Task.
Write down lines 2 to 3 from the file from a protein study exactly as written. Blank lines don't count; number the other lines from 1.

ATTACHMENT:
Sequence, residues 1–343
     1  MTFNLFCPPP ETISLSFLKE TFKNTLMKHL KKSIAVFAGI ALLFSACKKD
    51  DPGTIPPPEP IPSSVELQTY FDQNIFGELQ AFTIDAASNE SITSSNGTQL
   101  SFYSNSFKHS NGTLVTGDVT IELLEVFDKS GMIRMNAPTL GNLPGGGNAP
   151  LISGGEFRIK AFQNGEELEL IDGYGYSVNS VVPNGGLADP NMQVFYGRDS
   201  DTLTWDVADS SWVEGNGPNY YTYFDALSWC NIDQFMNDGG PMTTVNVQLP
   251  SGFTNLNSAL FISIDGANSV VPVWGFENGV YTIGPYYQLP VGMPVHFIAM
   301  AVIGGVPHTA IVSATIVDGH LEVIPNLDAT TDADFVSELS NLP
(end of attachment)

     1  MTFNLFCPPP ETISLSFLKE TFKNTLMKHL KKSIAVFAGI ALLFSACKKD
    51  DPGTIPPPEP IPSSVELQTY FDQNIFGELQ AFTIDAASNE SITSSNGTQL